In 1944 many Germans in Eastern Prussia believed like Lena von Mahlenberg, daughter of a local aristocrat, that Hitler would surrender and spare them from being invaded by the vengeful Russian Red Army. He didn't and they had to flee.
In 1944, in fear of a complete German defeat in the World War II, a group of high command officers plot an attempt against Hitler, and one of the leaders of the conspiracy, Stauffenberg (... See full summary »
Hardy Krüger Jr.
When in 1941 Nazi Germany invaded the Soviet Union, their troops quickly besieged Leningrad. Foreign journalists are evacuated but one of them, Kate Davies, is presumed dead and misses the ... See full summary »
Based upon the final confession of Adolf Eichmann, made before his execution in Israel as he accounts to Captain Avner Less, a young Israeli Police Officer, of his past as the architect of ... See full summary »
Avner W. Less,
Based on a true story a group of East Berliners escaping to the West. Harry Melchior was a champion East German swimmer at odds with the system under which he has already been imprisoned. ... See full summary »
Roland Suso Richter
Frenchman Abel Tiffauges likes children, and wants to protect them against the grown-ups. Falsely suspected as child molester, he's recruited as a soldier in the 2nd World War, but very ... See full summary »
Like other TV movies of the production company teamWorx, Dresden (2006) focuses on an extraordinary historic event in connection with a tragic love story of a woman between two men. In January 1945, the young nurse Anna Mauth, working at a hospital in Dresden, becomes engaged to senior physician Benjamin Wenninger. At the same time, an English Lancaster bomber is shot down. The pilot Robert Newman, the only survivor, manages to reach the city severely injured and hides in the hospital's cellar. Anna discovers him incidentally thinking he is a German deserter, but finally decides to help Robert... Written by
In using stock footage to depict the wartime bombing of Europe, some of the footage, seen just before the scene where two British officers are arguing over the value of bombing German cities, shows a US B-29 Superfortress. Such bombers were never used in the European theatre of World War II - they were only used against Japan. See more »
This film took up three hours, including commercials, on the History International Channel last night. But it felt like three weeks. It wasn't the cheap, stagy and unintentionally funny depictions of the bombing of Dresden. It wasn't that the film is stripped of almost all context surrounding World War II. It wasn't even that the bombing itself was often made to appear as nothing more than a major inconvenience for a goofy love story. No, it was the wooden featureless characterizations that sucked the life out of the story. Oh, and the fact that if it is possible for a movie to be obsequious, then Dresden is that movie. Perhaps a better title would have been DRESDEN--AS URIAH HEEP WOULD HAVE EXPERIENCED IT.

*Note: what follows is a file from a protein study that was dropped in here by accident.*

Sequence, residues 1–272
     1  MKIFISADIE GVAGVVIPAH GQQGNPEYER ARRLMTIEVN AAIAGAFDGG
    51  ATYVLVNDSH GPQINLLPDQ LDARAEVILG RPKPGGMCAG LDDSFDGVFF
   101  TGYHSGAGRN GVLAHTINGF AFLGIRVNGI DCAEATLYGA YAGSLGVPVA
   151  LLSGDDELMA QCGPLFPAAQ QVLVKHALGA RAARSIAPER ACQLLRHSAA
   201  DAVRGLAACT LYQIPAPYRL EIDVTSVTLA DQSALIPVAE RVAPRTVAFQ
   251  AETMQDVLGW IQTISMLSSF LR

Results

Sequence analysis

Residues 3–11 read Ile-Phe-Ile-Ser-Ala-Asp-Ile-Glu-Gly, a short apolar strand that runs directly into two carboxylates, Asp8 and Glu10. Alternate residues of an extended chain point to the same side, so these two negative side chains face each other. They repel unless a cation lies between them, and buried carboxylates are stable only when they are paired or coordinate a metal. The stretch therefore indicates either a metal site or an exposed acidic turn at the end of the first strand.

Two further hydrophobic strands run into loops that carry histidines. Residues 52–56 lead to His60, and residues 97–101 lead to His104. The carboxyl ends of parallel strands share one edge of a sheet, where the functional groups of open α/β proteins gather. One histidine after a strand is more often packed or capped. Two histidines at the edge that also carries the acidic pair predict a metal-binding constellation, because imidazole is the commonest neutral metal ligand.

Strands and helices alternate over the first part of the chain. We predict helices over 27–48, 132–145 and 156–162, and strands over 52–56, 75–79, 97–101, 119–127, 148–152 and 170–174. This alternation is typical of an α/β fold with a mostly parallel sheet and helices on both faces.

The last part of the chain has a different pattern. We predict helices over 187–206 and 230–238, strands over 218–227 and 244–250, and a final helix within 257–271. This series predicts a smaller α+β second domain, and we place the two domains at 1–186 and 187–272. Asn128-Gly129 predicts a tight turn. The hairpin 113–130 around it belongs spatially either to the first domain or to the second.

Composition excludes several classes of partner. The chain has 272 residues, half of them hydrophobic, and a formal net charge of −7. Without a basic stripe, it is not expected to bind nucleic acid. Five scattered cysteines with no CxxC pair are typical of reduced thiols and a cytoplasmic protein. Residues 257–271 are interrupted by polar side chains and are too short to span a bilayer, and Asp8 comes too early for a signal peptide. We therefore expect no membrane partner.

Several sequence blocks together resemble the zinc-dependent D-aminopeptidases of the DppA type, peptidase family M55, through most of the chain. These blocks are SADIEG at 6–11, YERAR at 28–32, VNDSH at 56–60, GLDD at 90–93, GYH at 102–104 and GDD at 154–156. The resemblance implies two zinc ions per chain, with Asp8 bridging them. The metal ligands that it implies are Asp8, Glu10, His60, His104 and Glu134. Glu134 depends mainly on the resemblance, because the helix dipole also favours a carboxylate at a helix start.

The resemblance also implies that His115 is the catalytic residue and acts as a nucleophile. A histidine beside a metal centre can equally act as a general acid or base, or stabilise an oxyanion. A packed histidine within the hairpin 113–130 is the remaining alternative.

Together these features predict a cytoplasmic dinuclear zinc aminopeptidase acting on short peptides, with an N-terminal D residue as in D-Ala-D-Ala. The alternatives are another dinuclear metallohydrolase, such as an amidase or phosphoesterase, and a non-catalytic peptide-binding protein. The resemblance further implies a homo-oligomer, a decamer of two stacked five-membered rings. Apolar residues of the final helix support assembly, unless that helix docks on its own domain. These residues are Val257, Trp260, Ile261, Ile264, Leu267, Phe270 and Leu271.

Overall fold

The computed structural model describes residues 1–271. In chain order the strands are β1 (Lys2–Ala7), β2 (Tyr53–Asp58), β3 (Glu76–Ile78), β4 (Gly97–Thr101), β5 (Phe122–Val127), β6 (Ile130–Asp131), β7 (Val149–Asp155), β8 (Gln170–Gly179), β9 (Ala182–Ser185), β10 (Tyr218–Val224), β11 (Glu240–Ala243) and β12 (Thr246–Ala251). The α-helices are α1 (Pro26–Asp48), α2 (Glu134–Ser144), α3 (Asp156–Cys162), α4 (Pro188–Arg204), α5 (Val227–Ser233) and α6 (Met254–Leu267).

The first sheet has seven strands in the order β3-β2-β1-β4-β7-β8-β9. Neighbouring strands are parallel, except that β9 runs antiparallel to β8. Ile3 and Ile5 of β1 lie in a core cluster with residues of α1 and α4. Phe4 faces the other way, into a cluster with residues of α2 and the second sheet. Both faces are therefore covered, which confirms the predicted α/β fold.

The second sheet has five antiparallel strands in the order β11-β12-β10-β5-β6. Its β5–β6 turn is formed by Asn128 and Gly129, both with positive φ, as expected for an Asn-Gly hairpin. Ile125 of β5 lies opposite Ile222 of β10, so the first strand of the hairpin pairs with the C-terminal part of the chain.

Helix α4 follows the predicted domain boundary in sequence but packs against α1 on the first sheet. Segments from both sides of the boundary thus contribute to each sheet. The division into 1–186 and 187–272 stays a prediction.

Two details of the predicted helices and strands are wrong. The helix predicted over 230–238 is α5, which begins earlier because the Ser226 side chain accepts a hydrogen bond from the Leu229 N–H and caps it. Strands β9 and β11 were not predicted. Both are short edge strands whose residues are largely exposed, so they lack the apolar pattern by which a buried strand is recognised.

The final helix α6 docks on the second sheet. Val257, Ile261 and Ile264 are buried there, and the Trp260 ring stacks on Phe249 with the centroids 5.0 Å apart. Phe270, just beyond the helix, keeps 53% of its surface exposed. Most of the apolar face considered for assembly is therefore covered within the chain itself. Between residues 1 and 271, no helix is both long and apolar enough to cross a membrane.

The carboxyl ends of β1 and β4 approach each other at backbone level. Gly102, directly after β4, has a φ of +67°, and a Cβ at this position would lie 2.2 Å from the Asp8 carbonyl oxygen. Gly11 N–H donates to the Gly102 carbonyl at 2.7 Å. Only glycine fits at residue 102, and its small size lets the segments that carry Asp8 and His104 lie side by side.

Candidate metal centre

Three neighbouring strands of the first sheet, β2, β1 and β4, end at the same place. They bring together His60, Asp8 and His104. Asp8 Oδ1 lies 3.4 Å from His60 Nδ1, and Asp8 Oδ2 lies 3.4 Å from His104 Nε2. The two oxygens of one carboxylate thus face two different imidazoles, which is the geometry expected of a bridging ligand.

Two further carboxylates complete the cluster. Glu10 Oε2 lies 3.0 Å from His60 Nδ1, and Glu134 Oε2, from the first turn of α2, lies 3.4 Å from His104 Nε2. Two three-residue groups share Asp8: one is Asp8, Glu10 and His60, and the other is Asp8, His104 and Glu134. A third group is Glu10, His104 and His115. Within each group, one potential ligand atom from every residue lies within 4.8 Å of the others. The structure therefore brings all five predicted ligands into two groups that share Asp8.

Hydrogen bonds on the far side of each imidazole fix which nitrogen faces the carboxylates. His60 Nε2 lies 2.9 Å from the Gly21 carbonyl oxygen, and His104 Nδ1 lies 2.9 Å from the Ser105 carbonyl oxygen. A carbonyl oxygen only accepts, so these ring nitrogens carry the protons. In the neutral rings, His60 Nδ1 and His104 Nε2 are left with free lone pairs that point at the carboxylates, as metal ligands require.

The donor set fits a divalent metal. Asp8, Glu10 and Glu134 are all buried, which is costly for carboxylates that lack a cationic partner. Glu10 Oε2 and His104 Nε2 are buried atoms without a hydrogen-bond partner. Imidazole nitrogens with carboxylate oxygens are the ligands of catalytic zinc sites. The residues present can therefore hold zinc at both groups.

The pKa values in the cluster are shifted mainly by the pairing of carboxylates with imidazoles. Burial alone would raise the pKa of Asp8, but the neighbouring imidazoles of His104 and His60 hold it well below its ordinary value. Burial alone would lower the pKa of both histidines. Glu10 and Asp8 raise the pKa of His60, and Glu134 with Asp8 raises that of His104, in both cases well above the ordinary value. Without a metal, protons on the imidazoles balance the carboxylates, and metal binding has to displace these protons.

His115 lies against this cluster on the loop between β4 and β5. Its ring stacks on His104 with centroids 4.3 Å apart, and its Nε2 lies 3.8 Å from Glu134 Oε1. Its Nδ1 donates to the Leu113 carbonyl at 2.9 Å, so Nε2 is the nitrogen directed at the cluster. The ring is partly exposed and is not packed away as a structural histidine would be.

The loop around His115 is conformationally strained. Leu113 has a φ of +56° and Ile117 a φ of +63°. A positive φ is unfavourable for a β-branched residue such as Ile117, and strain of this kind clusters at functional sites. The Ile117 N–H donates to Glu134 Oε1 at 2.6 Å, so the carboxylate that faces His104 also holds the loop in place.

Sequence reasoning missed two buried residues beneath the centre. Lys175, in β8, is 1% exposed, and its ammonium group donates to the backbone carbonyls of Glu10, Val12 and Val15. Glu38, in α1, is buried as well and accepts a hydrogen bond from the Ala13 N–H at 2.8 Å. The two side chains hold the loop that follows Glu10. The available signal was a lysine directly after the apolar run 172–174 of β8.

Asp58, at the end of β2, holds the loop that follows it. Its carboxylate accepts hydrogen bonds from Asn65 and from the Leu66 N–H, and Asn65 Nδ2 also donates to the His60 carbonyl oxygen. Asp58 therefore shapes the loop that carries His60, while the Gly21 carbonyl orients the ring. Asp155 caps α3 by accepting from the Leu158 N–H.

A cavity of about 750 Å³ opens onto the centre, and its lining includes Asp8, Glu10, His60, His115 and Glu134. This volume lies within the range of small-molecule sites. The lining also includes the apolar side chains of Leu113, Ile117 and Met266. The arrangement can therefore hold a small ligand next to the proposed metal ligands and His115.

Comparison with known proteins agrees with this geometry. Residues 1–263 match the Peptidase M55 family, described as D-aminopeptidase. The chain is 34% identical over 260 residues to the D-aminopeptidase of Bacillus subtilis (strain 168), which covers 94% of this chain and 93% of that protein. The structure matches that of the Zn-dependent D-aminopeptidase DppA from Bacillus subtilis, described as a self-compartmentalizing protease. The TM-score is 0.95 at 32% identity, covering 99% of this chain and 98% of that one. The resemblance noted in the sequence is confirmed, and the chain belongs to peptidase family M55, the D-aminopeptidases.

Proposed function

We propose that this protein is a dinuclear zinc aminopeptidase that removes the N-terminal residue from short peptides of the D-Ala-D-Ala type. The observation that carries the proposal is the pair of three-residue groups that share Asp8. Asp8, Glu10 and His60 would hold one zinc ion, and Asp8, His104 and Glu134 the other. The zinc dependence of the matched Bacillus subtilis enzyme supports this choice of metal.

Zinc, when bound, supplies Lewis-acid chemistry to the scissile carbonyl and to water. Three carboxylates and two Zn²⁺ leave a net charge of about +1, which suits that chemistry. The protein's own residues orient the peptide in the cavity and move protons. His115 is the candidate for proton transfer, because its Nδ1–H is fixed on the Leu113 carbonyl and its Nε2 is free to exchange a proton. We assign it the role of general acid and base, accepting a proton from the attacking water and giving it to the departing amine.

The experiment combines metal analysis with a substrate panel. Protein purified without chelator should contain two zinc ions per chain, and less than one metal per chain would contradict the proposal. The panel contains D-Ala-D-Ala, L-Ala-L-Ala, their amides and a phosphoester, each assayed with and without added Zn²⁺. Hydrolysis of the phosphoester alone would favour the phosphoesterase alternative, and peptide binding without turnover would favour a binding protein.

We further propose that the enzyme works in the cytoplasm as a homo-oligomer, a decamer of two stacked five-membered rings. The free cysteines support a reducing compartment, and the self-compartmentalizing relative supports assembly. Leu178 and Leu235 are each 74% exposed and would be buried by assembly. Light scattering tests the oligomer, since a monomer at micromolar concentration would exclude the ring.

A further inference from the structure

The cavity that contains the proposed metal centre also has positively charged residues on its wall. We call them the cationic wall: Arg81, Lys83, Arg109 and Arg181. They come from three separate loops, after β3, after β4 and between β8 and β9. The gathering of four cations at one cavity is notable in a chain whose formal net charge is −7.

It is especially the latter point that so irritates. Was the bombing of Dresden a war crime? The makers of this movie believe so. But in the typically emasculated way that Germans have come to approach World War II, they can't bring themselves to say so without braying about "peace" and "no more wars--anywhere" like they're Mother Teresa. And, also typical of German obsequiousness towards the British in particular, there is an unwieldy effort to grovel before "Britishness", while loading all the "guilt" for Dresden on to one person, Arthur Harris.
Did I say one person? Well, not quite. At the beginning of the movie, there is an exclamation from the leading character, Anna, with whom we are all supposed to sympathize. "Damned Americans!", she screams, while watching as far off bombs fall. And a few minutes later, a radio voice intones warnings about the "American Terror Bombing" being inflicted upon Germans.
Note the word, "terror". Got that? It's really the Americans behind the inhumane targeting of German civilians. No matter that the American strategy for almost all the war in Europe was the "precision" bombing of industrial and war manufacturing sites. No matter that it was the British who enthusiastically adopted "area" bombing of civilian targets in Germany--before the Germans had themselves even targeted English ones. No matter that the Americans bombed during the day, suffering more casualties in the process than the British, in order to hit precision targets, while the British bombed civilians under the cover of night. No matter that the Americans, essentially, were brought into the RAF's true terror bombing campaign kicking and screaming against it. No matter that most American officials, from FDR to Gen. Dolittle, opposed targeting civilians, while Churchill and his generals couldn't wait to do so.
No, in DRESDEN, both the Germans and British, except for "Bomber" Harris, are innocent of a doctrine, it is intimated, created by the evil Americans. And only the might and power of a love story between a German nurse and a downed British bomber pilot can adequately explain the "truth" of the atrocity. Right.
Oh, by the way, for the younger and likely less well read readers of IMDb, the first and still so far only major literary effort to give a thoughtful voice to Dresden's bombing was the pacifist novel penned by Kurt Vonnegut--an American POW in Dresden at the time of the bombing. I guess Germany's ZDF couldn't find a pretty nurse for Billy Pilgrim.
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